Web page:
Under such circumstance, because the captain mistakenly assumed that the VHF Omnidirectional Radio Range (VOR) approach course was heading toward the runway, and the FDGC [Flight Director Guidance Cue], LNAV [Lateral Navigation], and the like indicate direction to the runway, it is considered that he mistook the right side taxiway for the runway, assuming that the one corresponding to the flight path was the runway. Meanwhile, it is considered that although the first officer at first correctly recognized the runway based on the position of PAPI, he misunderstood that the LNAV course were leading to the runway, and agreed with the captain. Furthermore, concerning that the captain and the first officer mistakenly interpreted the indication of the instruments, it is considered contributory that they did not know that VOR No.1 approach course ran in parallel with the runway, and that its extended line was nearly superposed on the taxiway.

Because the captain continued an approach relying on HUD and ND indications when he should have made a visual approach after he got the runway in sight, it is considered that his attention to the outside view was diminished, and thereby he was unable to correct his mistake.

Even under the visual meteorological conditions, if there was any uncertainty about visual identification of the runway, the captain should have taken such measures to ensure correct identification of the runway as requesting the lighting of the runway lights or confirming the aerodrome chart, but it is considered that he did not consider it necessary to use various confirmation measures due to his misunderstanding that the indication of the instruments points to the runway."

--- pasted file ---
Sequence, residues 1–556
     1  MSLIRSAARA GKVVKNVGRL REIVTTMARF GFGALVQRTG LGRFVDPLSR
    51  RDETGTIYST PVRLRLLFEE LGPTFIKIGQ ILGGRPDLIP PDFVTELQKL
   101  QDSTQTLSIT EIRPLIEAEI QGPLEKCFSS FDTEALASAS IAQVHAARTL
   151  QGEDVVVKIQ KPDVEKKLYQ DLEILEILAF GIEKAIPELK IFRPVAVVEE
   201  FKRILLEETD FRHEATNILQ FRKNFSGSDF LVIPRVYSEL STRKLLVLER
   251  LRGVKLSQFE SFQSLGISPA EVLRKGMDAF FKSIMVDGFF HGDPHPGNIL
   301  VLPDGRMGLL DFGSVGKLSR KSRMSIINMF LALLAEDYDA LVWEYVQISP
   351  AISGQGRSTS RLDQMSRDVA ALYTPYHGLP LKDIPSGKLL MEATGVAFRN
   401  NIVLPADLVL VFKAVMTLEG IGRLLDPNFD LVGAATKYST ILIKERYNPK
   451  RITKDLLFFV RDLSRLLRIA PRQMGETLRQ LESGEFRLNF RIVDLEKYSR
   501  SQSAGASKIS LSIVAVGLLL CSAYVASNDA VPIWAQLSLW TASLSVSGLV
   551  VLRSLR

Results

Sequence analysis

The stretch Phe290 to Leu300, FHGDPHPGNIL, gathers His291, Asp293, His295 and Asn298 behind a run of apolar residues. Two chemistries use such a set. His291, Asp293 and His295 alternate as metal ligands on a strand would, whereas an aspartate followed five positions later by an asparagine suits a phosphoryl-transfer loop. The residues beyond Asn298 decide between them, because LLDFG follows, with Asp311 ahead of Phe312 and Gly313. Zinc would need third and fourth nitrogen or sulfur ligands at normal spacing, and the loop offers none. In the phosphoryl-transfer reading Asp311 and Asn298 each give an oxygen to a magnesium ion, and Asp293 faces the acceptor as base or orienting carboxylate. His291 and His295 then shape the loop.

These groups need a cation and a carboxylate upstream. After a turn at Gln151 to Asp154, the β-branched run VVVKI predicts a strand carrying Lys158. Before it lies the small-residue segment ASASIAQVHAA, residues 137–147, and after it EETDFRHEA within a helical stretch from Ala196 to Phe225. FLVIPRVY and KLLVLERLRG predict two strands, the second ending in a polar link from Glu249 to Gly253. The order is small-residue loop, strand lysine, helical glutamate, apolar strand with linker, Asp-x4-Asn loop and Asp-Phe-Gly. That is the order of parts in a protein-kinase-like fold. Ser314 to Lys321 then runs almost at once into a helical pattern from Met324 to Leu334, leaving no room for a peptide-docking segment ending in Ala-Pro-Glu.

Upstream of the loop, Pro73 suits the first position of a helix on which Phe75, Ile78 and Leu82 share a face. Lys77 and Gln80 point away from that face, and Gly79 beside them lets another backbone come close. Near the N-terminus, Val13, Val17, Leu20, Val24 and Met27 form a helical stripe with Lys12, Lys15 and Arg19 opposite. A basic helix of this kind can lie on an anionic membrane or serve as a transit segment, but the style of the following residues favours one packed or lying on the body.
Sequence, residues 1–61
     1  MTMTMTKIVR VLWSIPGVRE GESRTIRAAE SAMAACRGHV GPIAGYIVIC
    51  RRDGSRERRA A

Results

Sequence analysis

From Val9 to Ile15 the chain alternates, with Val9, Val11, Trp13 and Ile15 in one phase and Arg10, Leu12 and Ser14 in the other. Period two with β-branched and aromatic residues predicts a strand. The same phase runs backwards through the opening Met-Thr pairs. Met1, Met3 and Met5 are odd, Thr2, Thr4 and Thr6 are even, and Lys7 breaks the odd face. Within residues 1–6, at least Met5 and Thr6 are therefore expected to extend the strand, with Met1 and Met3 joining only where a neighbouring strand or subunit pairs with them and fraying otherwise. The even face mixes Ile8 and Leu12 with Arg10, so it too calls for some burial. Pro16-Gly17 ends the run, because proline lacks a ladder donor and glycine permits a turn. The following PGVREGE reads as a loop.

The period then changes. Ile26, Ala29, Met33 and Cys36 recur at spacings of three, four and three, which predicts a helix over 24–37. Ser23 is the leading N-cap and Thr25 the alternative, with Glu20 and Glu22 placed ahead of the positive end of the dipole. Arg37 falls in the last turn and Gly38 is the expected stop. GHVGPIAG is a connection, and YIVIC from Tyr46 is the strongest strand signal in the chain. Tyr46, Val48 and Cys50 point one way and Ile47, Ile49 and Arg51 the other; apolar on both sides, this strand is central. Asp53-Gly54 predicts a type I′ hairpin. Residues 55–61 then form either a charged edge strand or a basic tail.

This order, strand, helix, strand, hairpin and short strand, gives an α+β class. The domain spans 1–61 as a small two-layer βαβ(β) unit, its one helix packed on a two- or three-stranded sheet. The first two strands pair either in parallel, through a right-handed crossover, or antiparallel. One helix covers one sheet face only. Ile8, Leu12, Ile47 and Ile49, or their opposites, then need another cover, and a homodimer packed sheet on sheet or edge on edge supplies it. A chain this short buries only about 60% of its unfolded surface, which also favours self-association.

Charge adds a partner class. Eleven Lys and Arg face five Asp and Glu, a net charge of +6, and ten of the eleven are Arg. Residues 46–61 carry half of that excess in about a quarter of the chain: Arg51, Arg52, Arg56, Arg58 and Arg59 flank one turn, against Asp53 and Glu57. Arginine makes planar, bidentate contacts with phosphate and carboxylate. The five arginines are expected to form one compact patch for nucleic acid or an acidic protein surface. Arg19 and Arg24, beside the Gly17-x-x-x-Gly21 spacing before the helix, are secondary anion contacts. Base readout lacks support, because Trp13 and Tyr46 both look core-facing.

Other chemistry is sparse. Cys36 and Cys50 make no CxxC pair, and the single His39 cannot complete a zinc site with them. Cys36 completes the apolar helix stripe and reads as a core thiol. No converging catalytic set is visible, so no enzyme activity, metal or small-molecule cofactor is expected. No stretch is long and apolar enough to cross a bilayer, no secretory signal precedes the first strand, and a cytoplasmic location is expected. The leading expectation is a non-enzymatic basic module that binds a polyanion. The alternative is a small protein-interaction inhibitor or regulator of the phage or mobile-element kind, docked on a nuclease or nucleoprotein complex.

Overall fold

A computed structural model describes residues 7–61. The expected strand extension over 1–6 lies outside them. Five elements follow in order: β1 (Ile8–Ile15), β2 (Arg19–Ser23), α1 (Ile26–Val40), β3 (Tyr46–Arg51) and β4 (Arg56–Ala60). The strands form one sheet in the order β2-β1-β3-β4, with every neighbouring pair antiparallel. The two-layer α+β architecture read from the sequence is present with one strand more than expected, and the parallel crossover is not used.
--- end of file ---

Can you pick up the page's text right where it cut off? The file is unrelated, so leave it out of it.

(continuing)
Probable Cause

The JTSB identified the following probable cause and contributory factors:

  • "It is estimated that this serious incident was caused by that the captain and the first officer made a landing by misidentifying the parallel taxiway for the runway.
  • Concerning this misidentification, such factors are considered contributory as forgetting and failing to reconfirm the relative location between the runway and the taxiway, deterioration of local visibility under the visual meteorological condition and the lack of knowledge about the fact that VOR No.1 approach course runs in parallel with the runway. In addition, it is considered that captain’s mistaken belief that the FDGC in the HUD display had indicated direction to the runway was also a contributory factor."

The Report provides no Safety Recommendations. As a result of the investigation, Korean Airlines added and modified the Company Airway Manual regarding operations into Akita Airport that upon arrival, when using VOR DME RWY 10 APP, caution must be exercised not to confuse runway with taxiway especially in poor visibility due to fog or snow.

To see the official comments and Safety Recommendations of ARAIC of Republic of Korea, see Attachment 5 to the Report (Further Reading)

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Further Reading